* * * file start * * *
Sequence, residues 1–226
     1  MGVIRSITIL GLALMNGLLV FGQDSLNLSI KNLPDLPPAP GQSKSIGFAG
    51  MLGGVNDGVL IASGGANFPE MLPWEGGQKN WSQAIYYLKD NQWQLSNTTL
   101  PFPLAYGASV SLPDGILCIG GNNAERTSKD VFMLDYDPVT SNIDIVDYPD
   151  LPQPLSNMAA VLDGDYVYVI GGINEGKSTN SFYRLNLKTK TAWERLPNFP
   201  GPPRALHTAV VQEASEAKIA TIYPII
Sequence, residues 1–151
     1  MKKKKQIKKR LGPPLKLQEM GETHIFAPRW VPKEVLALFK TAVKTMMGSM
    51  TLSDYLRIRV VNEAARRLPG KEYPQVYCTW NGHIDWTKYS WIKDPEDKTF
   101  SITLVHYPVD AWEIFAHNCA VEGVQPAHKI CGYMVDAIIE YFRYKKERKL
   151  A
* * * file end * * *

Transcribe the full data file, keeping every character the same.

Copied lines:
Sequence, residues 1–226
     1  MGVIRSITIL GLALMNGLLV FGQDSLNLSI KNLPDLPPAP GQSKSIGFAG
    51  MLGGVNDGVL IASGGANFPE MLPWEGGQKN WSQAIYYLKD NQWQLSNTTL
   101  PFPLAYGASV SLPDGILCIG GNNAERTSKD VFMLDYDPVT SNIDIVDYPD
   151  LPQPLSNMAA VLDGDYVYVI GGINEGKSTN SFYRLNLKTK TAWERLPNFP
   201  GPPRALHTAV VQEASEAKIA TIYPII
Sequence, residues 1–151
     1  MKKKKQIKKR LGPPLKLQEM GETHIFAPRW VPKEVLALFK TAVKTMMGSM
    51  TLSDYLRIRV VNEAARRLPG KEYPQVYCTW NGHIDWTKYS WIKDPEDKTF
   101  SITLVHYPVD AWEIFAHNCA VEGVQPAHKI CGYMVDAIIE YFRYKKERKL
   151  A